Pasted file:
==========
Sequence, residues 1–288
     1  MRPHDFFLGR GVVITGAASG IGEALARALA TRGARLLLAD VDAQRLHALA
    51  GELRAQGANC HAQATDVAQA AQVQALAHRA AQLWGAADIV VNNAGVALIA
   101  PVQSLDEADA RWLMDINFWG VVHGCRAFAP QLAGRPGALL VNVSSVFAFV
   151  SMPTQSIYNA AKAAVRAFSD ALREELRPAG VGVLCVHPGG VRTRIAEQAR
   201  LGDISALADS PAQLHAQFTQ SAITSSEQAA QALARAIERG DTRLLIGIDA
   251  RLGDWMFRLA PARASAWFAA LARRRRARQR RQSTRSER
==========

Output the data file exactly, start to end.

Sequence, residues 1–288
     1  MRPHDFFLGR GVVITGAASG IGEALARALA TRGARLLLAD VDAQRLHALA
    51  GELRAQGANC HAQATDVAQA AQVQALAHRA AQLWGAADIV VNNAGVALIA
   101  PVQSLDEADA RWLMDINFWG VVHGCRAFAP QLAGRPGALL VNVSSVFAFV
   151  SMPTQSIYNA AKAAVRAFSD ALREELRPAG VGVLCVHPGG VRTRIAEQAR
   201  LGDISALADS PAQLHAQFTQ SAITSSEQAA QALARAIERG DTRLLIGIDA
   251  RLGDWMFRLA PARASAWFAA LARRRRARQR RQSTRSER